A marathon runner with boundless energy and a perennially upbeat attitude, Pizzo indeed had become clinically depressed as a result of his disabling condition. But once the underlying cause of the chronic pain was diagnosed and treated – albeit with a major surgical procedure – that depression immediately lifted, along with the pain. Ultimately, it was an unusual test - an imaging study that tracked the path of the sciatic nerve - that unearthed the source of his distress, a congenital condition involving compression of the nerve.

After the surgery, Pizzo learned another valuable lesson for physicians - that not all patients respond well to opioids, typically the drugs of choice for control of severe pain. He proved highly sensitive to the medications and landed in intensive care.

Today, Pizzo is back to running and working full-time in his office on the medical school campus. In writing his personal story, he says he hopes to draw more physician attention to the overwhelming problem of chronic pain in the United States.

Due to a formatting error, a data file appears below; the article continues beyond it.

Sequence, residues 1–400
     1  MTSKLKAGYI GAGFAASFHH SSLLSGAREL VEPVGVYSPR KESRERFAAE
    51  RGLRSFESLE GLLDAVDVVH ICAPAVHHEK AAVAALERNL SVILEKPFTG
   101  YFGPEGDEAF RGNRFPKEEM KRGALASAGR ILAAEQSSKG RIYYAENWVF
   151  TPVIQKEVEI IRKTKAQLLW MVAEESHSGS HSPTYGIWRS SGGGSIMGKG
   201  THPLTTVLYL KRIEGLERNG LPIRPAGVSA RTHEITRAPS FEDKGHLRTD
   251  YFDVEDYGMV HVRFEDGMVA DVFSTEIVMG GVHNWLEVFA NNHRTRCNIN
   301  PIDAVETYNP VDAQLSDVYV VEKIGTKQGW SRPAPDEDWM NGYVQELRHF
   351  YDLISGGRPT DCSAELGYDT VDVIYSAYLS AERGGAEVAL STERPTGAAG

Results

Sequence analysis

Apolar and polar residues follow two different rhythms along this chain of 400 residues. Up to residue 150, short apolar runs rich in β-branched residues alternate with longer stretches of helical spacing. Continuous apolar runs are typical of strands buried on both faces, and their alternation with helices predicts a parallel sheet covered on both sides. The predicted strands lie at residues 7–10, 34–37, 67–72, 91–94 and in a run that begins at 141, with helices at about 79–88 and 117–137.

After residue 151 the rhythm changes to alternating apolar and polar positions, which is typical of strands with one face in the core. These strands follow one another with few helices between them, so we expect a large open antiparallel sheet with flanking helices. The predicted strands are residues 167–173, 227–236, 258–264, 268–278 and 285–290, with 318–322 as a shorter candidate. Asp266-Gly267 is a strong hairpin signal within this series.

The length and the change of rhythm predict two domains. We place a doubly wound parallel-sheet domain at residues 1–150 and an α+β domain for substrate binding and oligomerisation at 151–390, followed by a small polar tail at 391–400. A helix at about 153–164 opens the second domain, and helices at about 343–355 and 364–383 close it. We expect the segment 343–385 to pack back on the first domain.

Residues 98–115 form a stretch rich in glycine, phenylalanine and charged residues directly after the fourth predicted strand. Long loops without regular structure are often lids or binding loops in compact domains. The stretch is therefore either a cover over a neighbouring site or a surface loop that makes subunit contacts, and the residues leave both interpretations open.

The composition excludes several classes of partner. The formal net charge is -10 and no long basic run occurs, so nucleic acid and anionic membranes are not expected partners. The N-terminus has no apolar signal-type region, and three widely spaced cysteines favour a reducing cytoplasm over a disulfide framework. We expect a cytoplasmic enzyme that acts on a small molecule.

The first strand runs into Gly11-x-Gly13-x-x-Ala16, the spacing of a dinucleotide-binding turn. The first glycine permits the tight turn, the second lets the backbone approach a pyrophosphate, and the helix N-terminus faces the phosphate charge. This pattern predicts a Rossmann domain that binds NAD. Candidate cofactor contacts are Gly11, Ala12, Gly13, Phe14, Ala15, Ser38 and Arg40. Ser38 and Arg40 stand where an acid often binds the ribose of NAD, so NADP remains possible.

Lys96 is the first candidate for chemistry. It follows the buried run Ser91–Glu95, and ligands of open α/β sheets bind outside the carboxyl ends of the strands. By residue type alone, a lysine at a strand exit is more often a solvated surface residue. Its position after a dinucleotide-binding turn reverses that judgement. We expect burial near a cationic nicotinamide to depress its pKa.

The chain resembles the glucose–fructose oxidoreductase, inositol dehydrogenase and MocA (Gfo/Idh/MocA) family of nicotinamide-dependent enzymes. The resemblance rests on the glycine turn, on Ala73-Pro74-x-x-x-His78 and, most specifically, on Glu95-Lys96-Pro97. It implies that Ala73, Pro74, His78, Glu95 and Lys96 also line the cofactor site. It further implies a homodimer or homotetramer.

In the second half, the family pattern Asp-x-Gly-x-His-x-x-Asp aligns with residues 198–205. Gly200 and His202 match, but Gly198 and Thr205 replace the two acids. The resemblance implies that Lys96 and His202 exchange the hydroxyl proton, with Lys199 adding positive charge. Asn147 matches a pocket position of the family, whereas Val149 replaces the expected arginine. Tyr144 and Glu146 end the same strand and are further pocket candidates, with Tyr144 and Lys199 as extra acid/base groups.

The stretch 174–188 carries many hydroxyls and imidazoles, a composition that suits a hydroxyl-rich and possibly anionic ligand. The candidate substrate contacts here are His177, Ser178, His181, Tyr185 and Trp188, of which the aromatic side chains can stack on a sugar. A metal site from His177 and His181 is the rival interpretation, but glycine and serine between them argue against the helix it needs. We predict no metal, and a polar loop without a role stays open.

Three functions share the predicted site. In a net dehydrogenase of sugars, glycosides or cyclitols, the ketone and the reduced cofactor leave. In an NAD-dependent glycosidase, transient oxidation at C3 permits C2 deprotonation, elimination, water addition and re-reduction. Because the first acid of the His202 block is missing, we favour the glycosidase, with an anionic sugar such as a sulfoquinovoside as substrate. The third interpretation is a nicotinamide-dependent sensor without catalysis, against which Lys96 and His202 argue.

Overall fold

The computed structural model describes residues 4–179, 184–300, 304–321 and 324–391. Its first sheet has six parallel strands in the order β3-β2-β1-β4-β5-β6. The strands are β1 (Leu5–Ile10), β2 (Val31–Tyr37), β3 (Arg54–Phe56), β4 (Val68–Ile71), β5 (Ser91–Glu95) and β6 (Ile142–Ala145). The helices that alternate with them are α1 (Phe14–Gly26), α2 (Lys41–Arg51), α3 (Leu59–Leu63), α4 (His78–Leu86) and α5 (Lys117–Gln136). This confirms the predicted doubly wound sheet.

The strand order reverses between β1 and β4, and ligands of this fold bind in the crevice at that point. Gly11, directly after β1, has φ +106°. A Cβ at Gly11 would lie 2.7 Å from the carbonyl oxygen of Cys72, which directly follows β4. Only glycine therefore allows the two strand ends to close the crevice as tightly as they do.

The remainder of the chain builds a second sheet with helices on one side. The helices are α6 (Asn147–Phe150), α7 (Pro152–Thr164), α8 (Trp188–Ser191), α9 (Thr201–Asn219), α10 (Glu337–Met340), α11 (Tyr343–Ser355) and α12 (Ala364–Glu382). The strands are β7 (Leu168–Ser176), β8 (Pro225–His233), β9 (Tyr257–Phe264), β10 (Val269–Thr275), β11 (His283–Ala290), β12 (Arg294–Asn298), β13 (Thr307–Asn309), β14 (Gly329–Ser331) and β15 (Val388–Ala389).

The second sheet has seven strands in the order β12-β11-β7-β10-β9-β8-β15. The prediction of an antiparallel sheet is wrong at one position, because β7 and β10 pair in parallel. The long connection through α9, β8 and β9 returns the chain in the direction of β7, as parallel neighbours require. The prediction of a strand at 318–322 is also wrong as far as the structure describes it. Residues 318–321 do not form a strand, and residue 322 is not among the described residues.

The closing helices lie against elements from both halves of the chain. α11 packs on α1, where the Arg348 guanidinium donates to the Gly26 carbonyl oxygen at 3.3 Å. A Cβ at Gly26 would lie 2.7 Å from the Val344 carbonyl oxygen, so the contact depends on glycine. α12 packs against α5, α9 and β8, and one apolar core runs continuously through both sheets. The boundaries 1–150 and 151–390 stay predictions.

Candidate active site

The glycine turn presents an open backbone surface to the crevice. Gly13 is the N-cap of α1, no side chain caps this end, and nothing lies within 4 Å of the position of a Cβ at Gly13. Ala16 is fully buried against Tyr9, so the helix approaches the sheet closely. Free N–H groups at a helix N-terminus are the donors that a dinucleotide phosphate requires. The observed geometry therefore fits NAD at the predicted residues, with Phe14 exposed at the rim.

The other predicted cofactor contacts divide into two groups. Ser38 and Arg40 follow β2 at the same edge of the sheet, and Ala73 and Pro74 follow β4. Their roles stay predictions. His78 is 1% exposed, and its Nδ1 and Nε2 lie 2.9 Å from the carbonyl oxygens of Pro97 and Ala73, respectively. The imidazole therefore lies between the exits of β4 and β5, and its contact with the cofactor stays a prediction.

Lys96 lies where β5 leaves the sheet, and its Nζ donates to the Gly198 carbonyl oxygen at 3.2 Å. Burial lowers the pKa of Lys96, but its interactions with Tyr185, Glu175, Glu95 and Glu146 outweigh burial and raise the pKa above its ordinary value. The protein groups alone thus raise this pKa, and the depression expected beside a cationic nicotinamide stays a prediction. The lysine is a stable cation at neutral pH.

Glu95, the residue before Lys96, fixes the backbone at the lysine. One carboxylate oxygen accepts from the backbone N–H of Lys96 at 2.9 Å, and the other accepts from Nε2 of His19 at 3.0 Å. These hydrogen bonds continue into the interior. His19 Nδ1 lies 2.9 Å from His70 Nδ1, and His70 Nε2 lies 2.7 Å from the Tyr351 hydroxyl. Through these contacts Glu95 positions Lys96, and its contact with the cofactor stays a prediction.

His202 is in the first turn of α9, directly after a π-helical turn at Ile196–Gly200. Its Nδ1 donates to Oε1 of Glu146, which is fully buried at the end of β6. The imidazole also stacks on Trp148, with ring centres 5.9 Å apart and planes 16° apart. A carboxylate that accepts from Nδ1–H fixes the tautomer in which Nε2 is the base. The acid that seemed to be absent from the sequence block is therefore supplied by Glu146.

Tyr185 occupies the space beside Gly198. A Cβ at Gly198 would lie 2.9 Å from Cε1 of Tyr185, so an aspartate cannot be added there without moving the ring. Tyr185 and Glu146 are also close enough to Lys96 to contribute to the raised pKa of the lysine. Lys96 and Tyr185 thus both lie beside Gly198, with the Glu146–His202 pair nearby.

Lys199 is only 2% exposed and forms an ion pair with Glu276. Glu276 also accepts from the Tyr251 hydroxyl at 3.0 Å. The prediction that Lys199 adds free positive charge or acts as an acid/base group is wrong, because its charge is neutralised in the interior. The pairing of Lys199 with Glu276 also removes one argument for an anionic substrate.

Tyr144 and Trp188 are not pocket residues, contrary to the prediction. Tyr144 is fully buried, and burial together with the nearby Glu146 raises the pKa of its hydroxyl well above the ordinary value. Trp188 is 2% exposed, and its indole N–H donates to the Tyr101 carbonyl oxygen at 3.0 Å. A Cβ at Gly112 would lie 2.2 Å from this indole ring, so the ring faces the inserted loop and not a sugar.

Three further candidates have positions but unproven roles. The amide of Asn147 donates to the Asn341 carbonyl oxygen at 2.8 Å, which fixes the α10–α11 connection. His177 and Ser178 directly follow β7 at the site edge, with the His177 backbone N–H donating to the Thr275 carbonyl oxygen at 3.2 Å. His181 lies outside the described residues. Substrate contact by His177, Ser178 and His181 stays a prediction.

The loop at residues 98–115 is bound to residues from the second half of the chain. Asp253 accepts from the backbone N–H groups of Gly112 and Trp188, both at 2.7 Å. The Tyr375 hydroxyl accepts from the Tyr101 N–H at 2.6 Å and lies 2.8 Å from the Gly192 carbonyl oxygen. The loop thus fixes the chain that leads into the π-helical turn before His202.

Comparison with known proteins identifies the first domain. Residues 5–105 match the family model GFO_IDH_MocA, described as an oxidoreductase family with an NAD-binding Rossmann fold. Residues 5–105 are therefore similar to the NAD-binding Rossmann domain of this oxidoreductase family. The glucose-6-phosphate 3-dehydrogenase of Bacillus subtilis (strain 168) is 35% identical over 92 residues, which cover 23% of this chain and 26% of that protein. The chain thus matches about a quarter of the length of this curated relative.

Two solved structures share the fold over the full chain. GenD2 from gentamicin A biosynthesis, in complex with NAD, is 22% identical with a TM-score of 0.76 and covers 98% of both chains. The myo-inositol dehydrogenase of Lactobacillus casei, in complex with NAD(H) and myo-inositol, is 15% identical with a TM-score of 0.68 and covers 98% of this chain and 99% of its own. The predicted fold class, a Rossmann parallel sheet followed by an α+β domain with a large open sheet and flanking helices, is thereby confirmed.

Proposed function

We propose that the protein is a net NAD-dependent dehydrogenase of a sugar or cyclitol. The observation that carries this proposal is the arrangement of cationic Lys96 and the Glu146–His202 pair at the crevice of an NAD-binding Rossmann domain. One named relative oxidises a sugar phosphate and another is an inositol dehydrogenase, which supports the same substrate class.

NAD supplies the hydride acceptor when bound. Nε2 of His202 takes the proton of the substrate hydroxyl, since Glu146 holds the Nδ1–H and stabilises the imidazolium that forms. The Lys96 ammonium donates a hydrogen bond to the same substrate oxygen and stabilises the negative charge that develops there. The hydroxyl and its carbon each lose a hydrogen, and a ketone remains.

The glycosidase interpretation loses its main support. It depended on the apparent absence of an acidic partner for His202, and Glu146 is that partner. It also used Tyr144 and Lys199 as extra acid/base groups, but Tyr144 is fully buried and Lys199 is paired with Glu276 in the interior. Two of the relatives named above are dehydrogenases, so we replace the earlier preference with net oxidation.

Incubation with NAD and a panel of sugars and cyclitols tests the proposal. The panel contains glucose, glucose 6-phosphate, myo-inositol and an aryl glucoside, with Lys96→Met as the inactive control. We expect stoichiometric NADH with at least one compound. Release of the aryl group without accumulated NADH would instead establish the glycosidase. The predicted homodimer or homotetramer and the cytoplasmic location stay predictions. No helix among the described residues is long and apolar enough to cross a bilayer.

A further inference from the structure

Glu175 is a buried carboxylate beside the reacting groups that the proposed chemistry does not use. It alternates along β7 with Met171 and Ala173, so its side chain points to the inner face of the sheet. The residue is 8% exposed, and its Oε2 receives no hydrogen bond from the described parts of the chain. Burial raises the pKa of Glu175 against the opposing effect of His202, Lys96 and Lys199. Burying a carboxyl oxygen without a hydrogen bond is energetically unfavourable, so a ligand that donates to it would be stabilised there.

“My hope is that by doing this, it will generalize the discussion and create more dialogue about the realities that 100 million people face, many of whom don’t have the opportunity to have their voices expressed.”

Previously: The high cost of pain: Medical school dean testifies on problem to U.S. SenateA call to fight chronic-pain epidemic, No pain, no gain. Not!, Relieving Pain in America: A new report from the Institute of Medicine and Researching ways to “heal the hurt”

Cancer, Health Disparities, Pain, Research

Identifying disparities in palliative care among cancer and non-cancer patients

Earlier this month, the New York Times reported on financial and ethical considerations for entering a hospital’s palliative care unit, which serves people with chronic illnesses near the end of life who need comfort more than intensive care but are not yet ready for hospice.